Bookmarks for Safari bookmarks, back up the Bookmarks.plist file, found within Library – Safari. If you use Firefox, back up the Library – Application Support – Firevox. You can also turn to Xmarks.
Contacts & Calendars Address Book contacts ans calendars are found under Library – Application Support – AddressBook and Library – Calendar app respectively.
Fonts: Don’t worry about fonts that came with OS X, but any you’ve added can be backed up via the various Fonts folders.
How to Back Up Without Using Time Machine
You you have an external hard drive, a flash drive or even an iPod, you can back up individual files or folders by dragging and dropping them onto the device in question. First create a folder on the drive and name it with a date. Each time you overwrite the contents, rename the folder with the new date. This way you can see at a glance when you last backed up. Other backup options include the following methods:
CD, DVD, USB flash drives: You can back up files onto writeable discs or an USB flash drive. CDs are not ideal because of their relatively small capacity. DVDs are better, but the whole process is still slower and more cumbersome than using an external drive. USB flash drive are inexpensive and eminently portable – great for backing up essential documents.
Online backups: Backing up data online is ideal in a sense, as your files are duplicated to a remote location. However this is only an option to back up certain key files rather than your whole system. iCloud, for example, features tools for backing up online, though you’ll get more webspace for your money with a dedicated online storage service.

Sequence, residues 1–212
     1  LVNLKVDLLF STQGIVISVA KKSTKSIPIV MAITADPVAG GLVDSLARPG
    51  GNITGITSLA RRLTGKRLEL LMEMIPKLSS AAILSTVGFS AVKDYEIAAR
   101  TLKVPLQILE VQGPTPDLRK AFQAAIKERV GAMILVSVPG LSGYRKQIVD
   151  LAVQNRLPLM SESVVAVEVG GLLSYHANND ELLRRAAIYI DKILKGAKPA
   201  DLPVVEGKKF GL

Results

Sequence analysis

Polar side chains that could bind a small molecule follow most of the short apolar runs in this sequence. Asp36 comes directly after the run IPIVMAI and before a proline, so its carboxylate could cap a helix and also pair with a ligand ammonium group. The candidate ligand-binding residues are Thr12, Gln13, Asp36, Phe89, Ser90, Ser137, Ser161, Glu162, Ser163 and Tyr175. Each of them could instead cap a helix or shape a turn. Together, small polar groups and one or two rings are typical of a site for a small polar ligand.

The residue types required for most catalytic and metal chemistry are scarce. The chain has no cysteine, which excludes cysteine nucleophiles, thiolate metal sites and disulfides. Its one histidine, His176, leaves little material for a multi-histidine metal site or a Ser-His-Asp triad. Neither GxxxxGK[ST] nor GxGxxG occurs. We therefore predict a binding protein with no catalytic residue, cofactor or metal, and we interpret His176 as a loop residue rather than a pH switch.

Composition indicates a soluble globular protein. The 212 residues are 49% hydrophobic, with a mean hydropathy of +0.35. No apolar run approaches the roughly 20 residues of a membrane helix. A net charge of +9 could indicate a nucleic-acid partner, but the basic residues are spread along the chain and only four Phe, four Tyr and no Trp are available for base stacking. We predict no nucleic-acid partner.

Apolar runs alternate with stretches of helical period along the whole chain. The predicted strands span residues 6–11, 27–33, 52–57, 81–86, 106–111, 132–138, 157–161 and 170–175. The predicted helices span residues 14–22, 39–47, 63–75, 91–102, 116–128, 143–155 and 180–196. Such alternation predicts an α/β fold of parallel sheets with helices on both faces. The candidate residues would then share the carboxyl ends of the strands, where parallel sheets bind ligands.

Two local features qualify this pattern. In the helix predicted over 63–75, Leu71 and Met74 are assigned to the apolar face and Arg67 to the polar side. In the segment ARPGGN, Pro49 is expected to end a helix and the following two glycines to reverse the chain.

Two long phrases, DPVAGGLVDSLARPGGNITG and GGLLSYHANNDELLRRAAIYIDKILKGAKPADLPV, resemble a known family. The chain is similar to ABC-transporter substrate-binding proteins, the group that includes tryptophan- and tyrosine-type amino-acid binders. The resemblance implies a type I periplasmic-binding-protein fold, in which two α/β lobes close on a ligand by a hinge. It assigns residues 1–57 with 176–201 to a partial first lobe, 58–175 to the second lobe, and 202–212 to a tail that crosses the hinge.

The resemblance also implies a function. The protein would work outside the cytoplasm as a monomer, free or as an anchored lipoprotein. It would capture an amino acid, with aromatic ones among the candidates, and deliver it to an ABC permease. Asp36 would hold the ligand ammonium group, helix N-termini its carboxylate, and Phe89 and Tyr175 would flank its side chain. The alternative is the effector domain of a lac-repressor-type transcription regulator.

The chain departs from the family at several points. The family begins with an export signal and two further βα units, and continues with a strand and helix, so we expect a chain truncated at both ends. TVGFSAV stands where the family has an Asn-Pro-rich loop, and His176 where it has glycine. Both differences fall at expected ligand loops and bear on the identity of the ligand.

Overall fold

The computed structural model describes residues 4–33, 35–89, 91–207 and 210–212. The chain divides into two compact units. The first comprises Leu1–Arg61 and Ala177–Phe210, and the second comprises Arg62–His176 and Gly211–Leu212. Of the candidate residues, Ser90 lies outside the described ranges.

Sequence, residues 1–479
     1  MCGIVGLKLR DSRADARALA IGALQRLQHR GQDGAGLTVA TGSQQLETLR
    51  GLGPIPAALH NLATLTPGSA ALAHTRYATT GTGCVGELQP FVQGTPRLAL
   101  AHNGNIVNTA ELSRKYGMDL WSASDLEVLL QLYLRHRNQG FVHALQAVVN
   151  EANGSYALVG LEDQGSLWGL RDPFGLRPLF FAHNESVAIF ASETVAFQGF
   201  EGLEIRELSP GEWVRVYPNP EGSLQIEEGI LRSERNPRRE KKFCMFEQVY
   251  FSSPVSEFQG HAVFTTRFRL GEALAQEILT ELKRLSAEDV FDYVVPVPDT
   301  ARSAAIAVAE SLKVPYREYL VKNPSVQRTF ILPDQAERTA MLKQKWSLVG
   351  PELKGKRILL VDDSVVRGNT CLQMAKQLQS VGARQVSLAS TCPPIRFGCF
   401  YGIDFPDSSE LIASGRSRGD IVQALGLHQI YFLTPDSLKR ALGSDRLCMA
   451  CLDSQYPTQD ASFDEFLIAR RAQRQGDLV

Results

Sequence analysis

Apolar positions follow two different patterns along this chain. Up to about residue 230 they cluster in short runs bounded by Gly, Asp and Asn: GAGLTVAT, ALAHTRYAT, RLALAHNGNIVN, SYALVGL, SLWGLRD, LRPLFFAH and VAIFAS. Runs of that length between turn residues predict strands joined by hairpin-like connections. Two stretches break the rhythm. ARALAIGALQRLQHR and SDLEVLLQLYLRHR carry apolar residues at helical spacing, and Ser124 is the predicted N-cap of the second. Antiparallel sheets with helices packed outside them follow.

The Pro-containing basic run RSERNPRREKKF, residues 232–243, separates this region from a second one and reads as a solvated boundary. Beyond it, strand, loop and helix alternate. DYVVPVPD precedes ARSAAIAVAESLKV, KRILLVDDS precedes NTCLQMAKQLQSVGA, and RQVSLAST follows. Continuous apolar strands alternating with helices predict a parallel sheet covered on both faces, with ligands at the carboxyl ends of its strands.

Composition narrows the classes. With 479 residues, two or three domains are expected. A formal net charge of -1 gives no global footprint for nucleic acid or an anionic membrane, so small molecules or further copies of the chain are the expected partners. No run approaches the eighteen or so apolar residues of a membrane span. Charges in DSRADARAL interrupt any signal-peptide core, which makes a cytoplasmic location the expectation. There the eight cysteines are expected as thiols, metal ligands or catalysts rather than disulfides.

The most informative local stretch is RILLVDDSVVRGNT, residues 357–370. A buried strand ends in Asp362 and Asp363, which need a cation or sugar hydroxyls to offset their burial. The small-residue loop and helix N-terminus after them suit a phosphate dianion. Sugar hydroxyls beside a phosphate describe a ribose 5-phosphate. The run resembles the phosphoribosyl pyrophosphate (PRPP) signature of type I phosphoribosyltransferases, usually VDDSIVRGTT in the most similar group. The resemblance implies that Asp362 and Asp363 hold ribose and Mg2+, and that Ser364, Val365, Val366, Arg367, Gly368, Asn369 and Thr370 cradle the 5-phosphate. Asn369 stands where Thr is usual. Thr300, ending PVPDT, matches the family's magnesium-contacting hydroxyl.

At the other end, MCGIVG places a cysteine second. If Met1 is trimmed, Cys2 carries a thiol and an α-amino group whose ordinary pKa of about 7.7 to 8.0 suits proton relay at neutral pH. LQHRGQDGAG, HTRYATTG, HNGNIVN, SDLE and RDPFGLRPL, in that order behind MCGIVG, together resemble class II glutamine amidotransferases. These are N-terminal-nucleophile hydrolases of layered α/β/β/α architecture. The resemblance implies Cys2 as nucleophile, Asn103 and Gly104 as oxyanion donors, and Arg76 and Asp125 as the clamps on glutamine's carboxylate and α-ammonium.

You can also set up an email account with an online provider such as Google Mail. You can back up key files by emailing them to that account, however, with most accounts you’ll be limited to sending around a limited amount of data per email.
You can also back-up data with iPod. In fact, iPods are basically just external hard drives or flash drive storage drives in pretty cases. iPods don’t work with Apple Time Machine, but you can use them to manually back up and transfer all kinds of files – without even affecting the ability of iPod to play music. First, attach your iPod to your Mac. Then open iTunes and under the Summary tab check Enable Disk use. The iPod will now function exactly like any other hard drive, when you attach it. Now its icon will appear on the desktop and Finder Sidebars, ready to receive files. Note that, as with any other drive, you’ll now have to eject the iPod before physically disconnecting it – even if you’re just using iTunes.
If there’s room on the iPod, you could back up your entire system.
But if you’re short of space you may want to drag files on selectively – perhaps avoiding music and/or photos that are already stored on the iPod.
Note that Apple Time Machine places strict requirements on the backup storage medium. According to Wikipedia, the officially supported configurations are:
- A hard drive or partition connected directly to the computer, either internally or by a bus like USB or FireWire, and formatted as journaled HFS+.
- A folder on a journaled HFS+ file system shared by another Mac on the same network running at least Leopard.
- A drive shared by an Apple Time Capsule on the same network.
- A drive connected to an Apple AirPort Extreme 802.11ac model on the same network. (Earlier generations of the AirPort Extreme are not supported.)
- Local network volumes connected using Apple Filing Protocol.
- On a Time Capsule, the backup data is stored in an HFS+ disk image and accessed via Apple Filing Protocol. Although it is not officially supported, users and manufacturers have configured FreeBSD and Linux servers and network-attached storage systems to serve Time Machine-enabled Macs.